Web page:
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Hodgson and Weatherley welcome Commons support for ticket touting rules, but point to importance of future review

By | Published on Tuesday 10 March 2015


As the reworked version of the secondary ticketing rules set to be added to the Consumer Rights Bill were debated in the House Of Commons yesterday, the two MPs who have led on the bid to regulate the reselling of tickets online welcomed the latest developments.

As previously reported, a ticket touting section was added to new consumer rights legislation by the House Of Lords last year, but with the government opposing the measures it was rejected in the Commons. A streamlined version of the proposed rules was then re-proposed in the Lords last month, this time with government backing, meaning Commons support is now assured.

The new rules will force people reselling tickets online in the UK to provide more information about the tickets they are selling, including any restrictions and the original ticket price. Secondary ticketing services will also be compelled to be more proactive in spotting and reporting fraud.

However, the requirement that the seller’s identity be revealed was dropped in the final proposals. Secondary ticketing platforms feared that measure most, because it would mean tout-hating promoters could go through the resale sites cancelling all the tickets they saw being resold. The ticket resale firms argued that that would just send all the touts to secondary services outside the UK, where there could be no regulation at all.

Speaking after yesterday’s Commons debate on touting rules, Sharon Hodgson MP, a long-time campaigner on this issue, said: “This is an issue I have campaigned on for a very long time now, and today we finally saw the amendment accepted in the House Of Commons. It may have taken longer than I had hoped, but the Government finally backed down from its total opposition and accepted these new measures that will do so much to clean up the secondary ticket market, and today certainly marks a real success in this fight”.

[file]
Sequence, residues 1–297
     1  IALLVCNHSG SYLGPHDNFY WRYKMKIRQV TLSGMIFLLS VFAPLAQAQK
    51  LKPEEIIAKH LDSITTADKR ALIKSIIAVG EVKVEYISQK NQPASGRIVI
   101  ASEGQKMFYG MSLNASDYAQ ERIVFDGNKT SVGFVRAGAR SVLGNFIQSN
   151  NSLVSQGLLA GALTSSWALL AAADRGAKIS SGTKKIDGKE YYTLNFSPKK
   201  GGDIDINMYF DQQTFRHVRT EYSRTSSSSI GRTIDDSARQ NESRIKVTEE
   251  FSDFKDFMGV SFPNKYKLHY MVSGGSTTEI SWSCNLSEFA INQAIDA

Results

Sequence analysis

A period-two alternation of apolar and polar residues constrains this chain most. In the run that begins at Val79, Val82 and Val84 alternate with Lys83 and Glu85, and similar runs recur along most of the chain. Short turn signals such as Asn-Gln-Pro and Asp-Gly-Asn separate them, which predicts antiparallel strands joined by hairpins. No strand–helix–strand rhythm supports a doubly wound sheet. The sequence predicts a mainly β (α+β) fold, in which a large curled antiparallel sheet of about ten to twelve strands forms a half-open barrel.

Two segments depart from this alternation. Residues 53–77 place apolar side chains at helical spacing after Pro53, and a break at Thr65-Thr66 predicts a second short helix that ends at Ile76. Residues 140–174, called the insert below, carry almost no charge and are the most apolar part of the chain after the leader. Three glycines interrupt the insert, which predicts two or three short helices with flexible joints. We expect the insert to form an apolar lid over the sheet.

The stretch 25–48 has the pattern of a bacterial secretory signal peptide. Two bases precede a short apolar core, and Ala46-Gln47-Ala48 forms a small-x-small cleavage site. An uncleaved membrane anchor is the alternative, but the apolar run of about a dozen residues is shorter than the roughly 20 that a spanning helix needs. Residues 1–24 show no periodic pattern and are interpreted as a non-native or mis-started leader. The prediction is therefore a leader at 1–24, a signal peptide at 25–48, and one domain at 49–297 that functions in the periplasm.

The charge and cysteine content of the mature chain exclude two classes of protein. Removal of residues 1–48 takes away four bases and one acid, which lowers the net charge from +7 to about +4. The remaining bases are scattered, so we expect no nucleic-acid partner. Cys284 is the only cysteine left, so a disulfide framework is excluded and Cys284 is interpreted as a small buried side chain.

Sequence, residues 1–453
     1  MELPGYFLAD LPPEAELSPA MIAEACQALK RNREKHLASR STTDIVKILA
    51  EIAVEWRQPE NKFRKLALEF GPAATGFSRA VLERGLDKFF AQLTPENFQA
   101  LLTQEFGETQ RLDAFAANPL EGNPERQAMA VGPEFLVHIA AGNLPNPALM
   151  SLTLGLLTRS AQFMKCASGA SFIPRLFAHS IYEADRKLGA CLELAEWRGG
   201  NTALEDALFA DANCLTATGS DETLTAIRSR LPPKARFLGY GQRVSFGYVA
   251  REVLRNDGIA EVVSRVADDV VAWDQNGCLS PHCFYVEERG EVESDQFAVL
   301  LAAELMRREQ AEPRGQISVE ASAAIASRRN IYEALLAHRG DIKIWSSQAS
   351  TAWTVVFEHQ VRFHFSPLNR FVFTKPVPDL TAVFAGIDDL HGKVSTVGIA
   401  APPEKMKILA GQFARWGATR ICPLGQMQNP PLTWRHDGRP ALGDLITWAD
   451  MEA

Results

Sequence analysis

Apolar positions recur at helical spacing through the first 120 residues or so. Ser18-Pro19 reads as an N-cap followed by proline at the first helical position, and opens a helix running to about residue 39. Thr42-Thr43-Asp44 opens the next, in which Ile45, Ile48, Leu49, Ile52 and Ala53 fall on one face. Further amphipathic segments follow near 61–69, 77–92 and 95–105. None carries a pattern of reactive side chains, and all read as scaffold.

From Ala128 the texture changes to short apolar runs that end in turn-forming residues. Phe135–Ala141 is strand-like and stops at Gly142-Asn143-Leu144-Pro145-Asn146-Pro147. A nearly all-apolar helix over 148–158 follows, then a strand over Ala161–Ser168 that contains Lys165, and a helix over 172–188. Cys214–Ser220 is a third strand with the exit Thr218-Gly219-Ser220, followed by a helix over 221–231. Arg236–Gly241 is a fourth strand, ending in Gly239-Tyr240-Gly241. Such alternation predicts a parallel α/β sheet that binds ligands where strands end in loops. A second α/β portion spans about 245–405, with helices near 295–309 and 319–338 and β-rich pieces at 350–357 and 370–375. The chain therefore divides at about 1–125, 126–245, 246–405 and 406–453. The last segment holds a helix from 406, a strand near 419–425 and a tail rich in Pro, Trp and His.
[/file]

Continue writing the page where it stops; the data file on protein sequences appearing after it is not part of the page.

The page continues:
The proposals also obligate the Government to review the secondary ticketing issue again in a year’s time. On that Hodgson added: “Now that this has been accepted the crucial next step is to conduct the review, which will hopefully highlight even more ways to protect fans and make the culture of exploitation a thing of the past. The review needs to have strong leadership in order to tackle the scope of the problems, but as long as whoever leads it has the best interests of fans as their key consideration then I am confident it will bring about even more ways to improve the secondary ticketing market in order that it works in the interests of fans, not touts”.

Meanwhile Mike Weatherley, who worked with Hodgson on setting up the APPG On Ticket Abuse, whose research informed the new regulations, said ahead of yesterday’s Commons debate: “This has been a long standing campaign by both myself and the APPG to get some overdue changes in place. Once enacted, the amendment will provide greater transparency for fans, including seat number or standing information, the face value of the ticket, and if any restrictions apply. Like all compromises, neither side is fully happy with the solution, but on balance, this is a good step in the right direction. To misquote EM Forster, two cheers for this amendment. I am pleased we will have enacted this law before the end of this parliament, but the review over the next twelve months is the important part”.